Uncle Clifford dealt scrap.
Valentino in overalls, his hair slicked with axle grease. Boot polish moustachioed, ladies swooned.
“Yaargh!” he bellowed, swaggering to the pub.
One night, he disturbed burglars.
At his wake, I slicked soot beneath his innocent nose.
“Yaargh,” I whispered.
Mourners tutted, scandalized.
But only the men.
Margaret McGoverne has recently published her first novella, while being distracted by short stories, flash fiction and her blog about all things writing
Sometime wet it is
Sometime be cold
Sometime the day be long
Sometime day too short
Sometime you laugh away
Sometime the pain just stays
Sometime be old
Sometime be alive
Sometime be dead you
Sometime God is far away
Sometime in my head
Rob Vass is a concrete guy who got old. Got stuck in the office much like a troll under the bridge growling at office staff and telling war stories of the craft. But he lives on a coffee farm and makes good salsa, growing peppers with his good lady. Who like a good story.
Cuddles. An order.
Cuddles? The robot paused, processing.
A brief demonstration.
A jerky imitation. Processing again.
I do not understand. You want to remain in contact with my exterior form. Why?
The question hung in the air.
Perhaps a chemical analysis of oxytocin was in order.
The thought of a fledgling artificial intelligence trying to learn the ways of humans has always amused Jenora. This is a story about the merging of the undefinable with the empirical. If you’d like to see more of Jenora’s work, pop along to her website at openingdoorsofperception.com
“How is your new job?” A crumb escapes, falling.
“I am thankful to have one.” Careful, collected, but unable to avoid my family’s stream of questions. I reflect, the way my bargain-bin cassette instructed.
A miniature rake scrapes across the artificial garden on my desk. A grain of sand escapes.
Raphael Bastek is a Polish-American office worker. He lives with his beloved cat, Yuna.
A busy intersection; pouring rain. She must make a choice.
One direction offers comfort, everything she’s ever known. The other promises pain and more than a little adventure.
She steps off of the sidewalk, passing by her battered, bloody shoe, taking a turn away from the world and into eternity.
A. Elizabeth Herting is an aspiring freelance writer and busy mother of three living in colorful Colorado. She has had short stories featured in Bewildering Stories, Peacock Journal, Dark Fire Fiction, Friday Fiction, Under the Bed, and Fictive Dream. She has also published non-fiction work in Denver Pieces Magazine and bioStories. More info is available on her website and Facebook page.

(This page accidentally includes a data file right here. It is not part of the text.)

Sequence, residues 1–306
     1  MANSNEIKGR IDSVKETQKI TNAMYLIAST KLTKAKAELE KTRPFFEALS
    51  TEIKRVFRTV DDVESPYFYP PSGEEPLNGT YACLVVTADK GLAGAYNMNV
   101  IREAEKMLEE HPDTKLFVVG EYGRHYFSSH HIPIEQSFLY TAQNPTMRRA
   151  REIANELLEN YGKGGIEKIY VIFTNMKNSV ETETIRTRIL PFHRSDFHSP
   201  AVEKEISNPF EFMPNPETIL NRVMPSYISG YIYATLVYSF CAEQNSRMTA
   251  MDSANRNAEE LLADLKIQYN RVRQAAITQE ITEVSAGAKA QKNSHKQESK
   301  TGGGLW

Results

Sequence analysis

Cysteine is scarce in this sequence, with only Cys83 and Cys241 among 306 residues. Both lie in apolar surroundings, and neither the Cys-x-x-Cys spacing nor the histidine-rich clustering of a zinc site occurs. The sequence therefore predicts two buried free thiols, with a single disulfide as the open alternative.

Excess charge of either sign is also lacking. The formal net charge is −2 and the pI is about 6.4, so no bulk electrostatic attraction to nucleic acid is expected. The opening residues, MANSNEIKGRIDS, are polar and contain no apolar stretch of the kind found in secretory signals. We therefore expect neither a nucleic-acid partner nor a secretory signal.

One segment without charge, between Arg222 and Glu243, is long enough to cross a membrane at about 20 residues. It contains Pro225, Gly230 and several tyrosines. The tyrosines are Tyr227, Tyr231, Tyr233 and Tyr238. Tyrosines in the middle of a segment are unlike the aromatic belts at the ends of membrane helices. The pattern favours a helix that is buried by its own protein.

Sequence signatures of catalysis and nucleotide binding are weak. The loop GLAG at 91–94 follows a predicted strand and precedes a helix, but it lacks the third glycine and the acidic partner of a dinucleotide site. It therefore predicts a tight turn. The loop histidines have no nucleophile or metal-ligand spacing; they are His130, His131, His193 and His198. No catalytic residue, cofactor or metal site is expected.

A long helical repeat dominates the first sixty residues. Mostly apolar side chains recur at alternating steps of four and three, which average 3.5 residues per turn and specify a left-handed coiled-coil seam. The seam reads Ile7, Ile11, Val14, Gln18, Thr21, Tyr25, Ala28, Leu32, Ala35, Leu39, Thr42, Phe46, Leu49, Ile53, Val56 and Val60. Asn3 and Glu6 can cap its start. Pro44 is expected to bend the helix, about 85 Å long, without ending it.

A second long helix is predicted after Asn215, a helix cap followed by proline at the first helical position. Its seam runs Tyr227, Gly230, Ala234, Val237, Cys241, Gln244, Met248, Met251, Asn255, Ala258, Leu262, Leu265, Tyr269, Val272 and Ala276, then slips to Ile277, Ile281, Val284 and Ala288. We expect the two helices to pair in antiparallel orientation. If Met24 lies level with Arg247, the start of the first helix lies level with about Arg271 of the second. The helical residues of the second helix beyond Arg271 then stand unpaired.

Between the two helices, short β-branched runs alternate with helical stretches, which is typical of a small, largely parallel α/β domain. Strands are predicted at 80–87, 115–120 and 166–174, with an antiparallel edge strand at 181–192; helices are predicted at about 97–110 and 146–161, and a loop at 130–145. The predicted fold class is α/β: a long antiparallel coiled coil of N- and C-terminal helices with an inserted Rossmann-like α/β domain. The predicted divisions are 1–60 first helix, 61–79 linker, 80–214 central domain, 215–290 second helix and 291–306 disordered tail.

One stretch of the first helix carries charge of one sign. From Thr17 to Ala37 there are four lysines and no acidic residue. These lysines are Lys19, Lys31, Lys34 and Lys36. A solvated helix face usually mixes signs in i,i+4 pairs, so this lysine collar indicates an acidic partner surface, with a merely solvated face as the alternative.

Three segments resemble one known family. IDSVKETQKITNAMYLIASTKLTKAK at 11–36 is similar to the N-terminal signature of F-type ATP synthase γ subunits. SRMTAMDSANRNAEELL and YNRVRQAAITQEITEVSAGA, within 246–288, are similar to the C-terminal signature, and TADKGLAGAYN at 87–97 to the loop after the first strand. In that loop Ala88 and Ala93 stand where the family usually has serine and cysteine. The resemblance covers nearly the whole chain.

Tonight I celebrate a glorious sunset, the precious ending of another glorious day!
Its view is tainted through a hospital window; no problem.
Have I truly beaten death? Perhaps!
I don’t know what tomorrow holds, but for today I’ve won, and with every labored breath I celebrate life’s simple joy.
Lisa Lysen is having fun exploring her passion for words, hoping an adventure in writing may be somewhere in her future.
She stared out through the window, her eyes tracing and re-tracing the lines of the window pane, the branches of the trees outside, the curve of the mountains.
She knew she had to get up and make dinner, but she couldn’t escape the feeling that it wouldn’t make any difference.
Beth Buck’s work has been featured by Sukoon Magazine, Imperfect Fiction, and a couple of others. She lives in the Intermountain West with a bunch of noisy kids and a spinning wheel.
Mother died ages ago. Her heart killed her.
She’d always say to me, “Better you cry now than I cry later.” Sometimes she’d hit with her hand, other times with a hairbrush.
I remember her saying, “Life is what you make it.” Now it’s a boat! Or a flower pot.
Howie Good is the recipient of the 2015 Press Americana Prize for Poetry for his latest collection, Dangerous Acts Starring Unstable Elements.
I used to be in a hurry. I wished for the weekend, for my vacation, for Christmas. I “wasted” time with mindless television and naps.
Since the diagnosis, I treasure every moment and feel cheated by boredom.
I’m awake for my life; I resent lost moments.
It’s time to retire.
Laurie loves sitting on the couch watching mindless TV and holding hands, especially with a smelly dog in her lap.
Sometimes, life can change in an instant.
For Sharon, it began with a series of pain waves, each one more agonising than the last. It rose, peaked, and fell. She grimaced, yelled, and cried. Inhale, exhale, repeat.
After 14 long hours, the life-changing moment finally arrived.
A healthy baby girl.
Carrie is childless and incapable of entertaining kids for more than thirty minutes at a go. However, her secret pleasure is reading children’s storybooks—to herself, alone.